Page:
What is the expected voltage range on the 2.5 V output on the ADALM1000?

I have been using the ADALM1000 to work through the labs in the Engineering Discovery set.  While doing the first two Class A amplifier labs I noticed my output is not centered around 2.5 V as per the reference voltage used but rather just under 2.4 V which seems to be lower than what is expected given the tolerances of the parts used when building the amps.  I checked the 2.5 V output with a Keysight U1232A and am seeing 2.434 V.  The hardware design indicates the 2.5 V output comes from an ADR381 precision voltage reference with a range of +- 6 mV at room temperature. I seem to be getting about 10 times worse.  Is this normal for the ADALM1000, is something not quite right with my ADALM1000, or have I improperly read the datasheet/measured wrong?

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    •  Analog Employees 
    on Mar 22, 2017 5:37 PM

    Hi:

    The original Bill of Materials for the production run of ALM1000 has the feedback resistor for the AD8018 buffer used for the fixed 2.5 V output at 24.9K which causes the output of the buffer to be lower than the desired 2.5 V by around 50 mV due to the large input bias current of that amplifier. This error will vary from board to board and could be as much as 100 mV.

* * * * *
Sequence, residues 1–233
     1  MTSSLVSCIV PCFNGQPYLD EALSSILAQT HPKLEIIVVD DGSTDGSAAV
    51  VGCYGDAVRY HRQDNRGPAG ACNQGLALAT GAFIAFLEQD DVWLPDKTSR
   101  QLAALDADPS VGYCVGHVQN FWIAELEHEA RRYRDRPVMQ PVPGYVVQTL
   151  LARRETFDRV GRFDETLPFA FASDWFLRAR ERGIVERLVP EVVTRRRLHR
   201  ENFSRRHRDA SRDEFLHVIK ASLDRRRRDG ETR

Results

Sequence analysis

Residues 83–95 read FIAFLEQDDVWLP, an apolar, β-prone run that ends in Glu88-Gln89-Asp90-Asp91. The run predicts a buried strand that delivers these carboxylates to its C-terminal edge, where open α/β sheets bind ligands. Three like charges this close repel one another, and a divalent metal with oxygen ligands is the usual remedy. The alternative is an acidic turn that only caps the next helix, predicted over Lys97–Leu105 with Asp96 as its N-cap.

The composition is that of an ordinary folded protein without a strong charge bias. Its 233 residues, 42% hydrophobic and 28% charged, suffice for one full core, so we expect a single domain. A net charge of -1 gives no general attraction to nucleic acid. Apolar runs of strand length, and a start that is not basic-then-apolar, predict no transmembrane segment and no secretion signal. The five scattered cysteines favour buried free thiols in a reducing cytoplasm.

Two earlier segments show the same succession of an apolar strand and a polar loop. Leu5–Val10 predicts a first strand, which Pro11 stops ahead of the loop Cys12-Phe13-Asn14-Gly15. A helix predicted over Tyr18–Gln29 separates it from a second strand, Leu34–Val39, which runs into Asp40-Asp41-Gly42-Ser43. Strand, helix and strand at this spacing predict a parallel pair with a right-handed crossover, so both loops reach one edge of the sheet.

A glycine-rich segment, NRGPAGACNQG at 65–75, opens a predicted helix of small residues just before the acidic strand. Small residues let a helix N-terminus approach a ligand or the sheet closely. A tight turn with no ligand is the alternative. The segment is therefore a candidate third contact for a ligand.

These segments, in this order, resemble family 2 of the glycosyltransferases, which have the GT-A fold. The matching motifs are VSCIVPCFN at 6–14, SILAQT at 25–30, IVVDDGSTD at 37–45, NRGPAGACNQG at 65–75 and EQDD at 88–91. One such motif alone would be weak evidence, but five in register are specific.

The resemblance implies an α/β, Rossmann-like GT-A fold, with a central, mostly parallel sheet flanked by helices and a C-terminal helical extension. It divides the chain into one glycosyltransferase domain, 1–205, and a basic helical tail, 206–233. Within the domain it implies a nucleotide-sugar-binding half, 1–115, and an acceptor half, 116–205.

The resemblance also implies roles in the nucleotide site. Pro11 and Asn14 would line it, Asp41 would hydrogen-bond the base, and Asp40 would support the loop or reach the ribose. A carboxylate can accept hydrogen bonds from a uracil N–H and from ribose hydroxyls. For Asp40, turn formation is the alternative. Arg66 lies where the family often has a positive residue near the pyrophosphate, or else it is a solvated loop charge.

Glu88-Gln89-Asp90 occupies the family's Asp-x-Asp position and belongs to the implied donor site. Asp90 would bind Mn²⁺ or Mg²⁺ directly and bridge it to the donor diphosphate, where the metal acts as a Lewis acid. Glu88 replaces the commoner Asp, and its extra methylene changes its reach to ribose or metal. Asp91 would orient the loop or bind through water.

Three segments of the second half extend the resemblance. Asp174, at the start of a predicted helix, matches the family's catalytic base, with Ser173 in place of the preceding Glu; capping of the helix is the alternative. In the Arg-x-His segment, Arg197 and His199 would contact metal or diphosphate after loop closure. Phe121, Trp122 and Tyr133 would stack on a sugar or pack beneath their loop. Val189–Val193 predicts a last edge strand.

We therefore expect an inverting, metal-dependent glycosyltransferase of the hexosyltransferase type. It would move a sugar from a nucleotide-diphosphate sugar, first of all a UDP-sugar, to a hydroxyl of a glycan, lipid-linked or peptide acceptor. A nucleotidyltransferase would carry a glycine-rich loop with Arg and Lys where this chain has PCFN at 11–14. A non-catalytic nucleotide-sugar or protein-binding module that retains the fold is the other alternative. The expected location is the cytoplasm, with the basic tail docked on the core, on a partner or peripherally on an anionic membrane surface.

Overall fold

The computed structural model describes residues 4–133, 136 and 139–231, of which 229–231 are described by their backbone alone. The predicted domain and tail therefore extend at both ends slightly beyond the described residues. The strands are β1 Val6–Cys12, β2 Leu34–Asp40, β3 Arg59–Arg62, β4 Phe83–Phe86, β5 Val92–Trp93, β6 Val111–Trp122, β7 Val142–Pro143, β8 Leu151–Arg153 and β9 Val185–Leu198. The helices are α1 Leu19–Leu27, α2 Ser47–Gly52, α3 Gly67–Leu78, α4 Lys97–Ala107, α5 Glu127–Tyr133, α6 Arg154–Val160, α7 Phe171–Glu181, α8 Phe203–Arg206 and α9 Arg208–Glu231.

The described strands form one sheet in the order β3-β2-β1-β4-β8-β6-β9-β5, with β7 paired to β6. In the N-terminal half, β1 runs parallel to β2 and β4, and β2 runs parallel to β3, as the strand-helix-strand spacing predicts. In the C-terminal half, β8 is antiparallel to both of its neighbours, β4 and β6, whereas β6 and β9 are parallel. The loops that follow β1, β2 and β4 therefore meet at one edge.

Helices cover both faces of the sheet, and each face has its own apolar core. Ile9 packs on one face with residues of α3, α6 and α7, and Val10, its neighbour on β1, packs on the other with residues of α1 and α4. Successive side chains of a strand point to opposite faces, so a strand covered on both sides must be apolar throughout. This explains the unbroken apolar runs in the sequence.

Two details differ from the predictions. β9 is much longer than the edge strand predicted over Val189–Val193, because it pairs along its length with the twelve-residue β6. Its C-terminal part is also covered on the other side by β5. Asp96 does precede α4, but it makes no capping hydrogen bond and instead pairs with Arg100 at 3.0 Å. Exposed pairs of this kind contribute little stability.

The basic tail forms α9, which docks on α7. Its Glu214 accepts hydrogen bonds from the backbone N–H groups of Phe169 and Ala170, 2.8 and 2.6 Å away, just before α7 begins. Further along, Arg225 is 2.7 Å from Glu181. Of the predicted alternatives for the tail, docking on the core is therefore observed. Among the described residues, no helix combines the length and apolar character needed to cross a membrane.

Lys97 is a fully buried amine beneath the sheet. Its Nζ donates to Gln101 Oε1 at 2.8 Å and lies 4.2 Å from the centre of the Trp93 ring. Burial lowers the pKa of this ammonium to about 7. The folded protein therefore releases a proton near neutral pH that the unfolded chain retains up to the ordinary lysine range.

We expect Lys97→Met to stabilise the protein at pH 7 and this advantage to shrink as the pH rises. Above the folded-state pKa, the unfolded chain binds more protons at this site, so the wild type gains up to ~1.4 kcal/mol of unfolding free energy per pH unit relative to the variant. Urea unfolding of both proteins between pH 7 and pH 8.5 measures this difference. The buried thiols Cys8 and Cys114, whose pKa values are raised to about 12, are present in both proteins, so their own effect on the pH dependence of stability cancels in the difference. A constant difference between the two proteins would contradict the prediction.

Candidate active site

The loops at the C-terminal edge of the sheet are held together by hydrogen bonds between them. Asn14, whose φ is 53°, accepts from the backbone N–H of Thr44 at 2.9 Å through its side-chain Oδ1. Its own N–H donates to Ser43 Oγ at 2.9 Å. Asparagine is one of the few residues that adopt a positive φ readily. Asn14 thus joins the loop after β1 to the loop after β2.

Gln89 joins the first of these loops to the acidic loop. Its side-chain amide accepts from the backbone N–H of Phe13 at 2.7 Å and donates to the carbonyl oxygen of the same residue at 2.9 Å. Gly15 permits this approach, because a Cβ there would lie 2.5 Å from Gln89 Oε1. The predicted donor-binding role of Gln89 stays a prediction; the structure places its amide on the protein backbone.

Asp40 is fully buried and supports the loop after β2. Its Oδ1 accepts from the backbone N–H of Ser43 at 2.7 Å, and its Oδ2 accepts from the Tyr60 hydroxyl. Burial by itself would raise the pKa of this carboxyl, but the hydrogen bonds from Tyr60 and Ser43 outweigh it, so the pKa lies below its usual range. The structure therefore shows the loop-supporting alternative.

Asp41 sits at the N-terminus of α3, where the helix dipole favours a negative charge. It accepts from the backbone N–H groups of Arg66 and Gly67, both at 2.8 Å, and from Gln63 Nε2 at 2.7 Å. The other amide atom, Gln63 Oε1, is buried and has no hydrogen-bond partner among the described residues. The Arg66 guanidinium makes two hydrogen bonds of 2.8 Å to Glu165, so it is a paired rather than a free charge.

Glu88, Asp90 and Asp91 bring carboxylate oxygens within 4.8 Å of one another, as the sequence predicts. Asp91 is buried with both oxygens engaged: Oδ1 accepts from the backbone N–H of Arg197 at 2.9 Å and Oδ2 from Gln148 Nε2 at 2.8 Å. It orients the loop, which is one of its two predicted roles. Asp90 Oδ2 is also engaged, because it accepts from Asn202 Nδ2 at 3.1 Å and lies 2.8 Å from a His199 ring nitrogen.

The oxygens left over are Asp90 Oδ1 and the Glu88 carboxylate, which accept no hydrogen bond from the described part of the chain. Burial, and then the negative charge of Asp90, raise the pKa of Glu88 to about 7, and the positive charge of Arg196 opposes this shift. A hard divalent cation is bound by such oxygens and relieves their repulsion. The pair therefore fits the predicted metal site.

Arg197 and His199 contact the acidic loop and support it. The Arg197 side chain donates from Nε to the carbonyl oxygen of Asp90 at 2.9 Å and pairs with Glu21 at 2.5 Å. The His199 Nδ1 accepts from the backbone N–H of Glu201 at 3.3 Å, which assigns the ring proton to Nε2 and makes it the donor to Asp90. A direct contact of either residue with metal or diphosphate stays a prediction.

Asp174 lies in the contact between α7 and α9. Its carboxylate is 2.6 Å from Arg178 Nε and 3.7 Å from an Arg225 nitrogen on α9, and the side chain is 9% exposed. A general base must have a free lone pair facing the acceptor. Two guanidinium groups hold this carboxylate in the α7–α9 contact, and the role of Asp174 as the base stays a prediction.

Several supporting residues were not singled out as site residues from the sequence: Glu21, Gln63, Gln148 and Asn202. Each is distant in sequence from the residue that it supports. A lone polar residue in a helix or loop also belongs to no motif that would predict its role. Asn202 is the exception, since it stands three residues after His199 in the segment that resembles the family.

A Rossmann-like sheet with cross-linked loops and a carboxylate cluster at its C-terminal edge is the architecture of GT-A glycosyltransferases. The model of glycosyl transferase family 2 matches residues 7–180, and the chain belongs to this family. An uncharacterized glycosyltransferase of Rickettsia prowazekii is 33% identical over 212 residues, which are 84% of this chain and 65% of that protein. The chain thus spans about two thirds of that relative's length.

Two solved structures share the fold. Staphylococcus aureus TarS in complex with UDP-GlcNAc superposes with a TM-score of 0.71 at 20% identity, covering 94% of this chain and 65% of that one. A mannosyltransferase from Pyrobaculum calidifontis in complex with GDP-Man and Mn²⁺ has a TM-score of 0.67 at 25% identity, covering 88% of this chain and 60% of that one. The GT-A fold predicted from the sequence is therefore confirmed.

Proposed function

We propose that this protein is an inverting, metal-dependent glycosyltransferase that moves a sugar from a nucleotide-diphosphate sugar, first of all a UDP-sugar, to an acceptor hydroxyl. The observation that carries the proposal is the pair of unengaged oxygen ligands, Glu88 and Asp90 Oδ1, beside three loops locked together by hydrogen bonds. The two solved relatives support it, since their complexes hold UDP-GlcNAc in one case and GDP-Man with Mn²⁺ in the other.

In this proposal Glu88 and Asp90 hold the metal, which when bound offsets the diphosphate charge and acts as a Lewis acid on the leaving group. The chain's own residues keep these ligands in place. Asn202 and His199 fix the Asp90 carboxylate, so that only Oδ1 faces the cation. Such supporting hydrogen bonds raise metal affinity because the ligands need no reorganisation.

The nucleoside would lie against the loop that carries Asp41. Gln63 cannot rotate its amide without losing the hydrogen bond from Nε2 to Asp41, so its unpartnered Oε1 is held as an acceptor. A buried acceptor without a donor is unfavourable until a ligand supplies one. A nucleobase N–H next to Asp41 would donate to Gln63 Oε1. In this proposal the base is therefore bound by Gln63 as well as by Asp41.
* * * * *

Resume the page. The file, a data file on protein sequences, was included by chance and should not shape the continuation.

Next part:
For future production of the ALM1000 this resistor will be changed to 2.49 K which will lower the error but there will always be a small negative error on both the 2.5 and 5 volt outputs.

    The large feedback resistor was originally chosen to lower the bandwidth of the buffer and insure stability with large capacitor loads. The smaller future value was found to have similar stability but with the improved output voltage error.

    Doug

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  • 0
    •  Analog Employees 
    on Mar 22, 2017 5:37 PM

    Hi:

    The original Bill of Materials for the production run of ALM1000 has the feedback resistor for the AD8018 buffer used for the fixed 2.5 V output at 24.9K which causes the output of the buffer to be lower than the desired 2.5 V by around 50 mV due to the large input bias current of that amplifier. This error will vary from board to board and could be as much as 100 mV.

    For future production of the ALM1000 this resistor will be changed to 2.49 K which will lower the error but there will always be a small negative error on both the 2.5 and 5 volt outputs.

    The large feedback resistor was originally chosen to lower the bandwidth of the buffer and insure stability with large capacitor loads. The smaller future value was found to have similar stability but with the improved output voltage error.

    Doug

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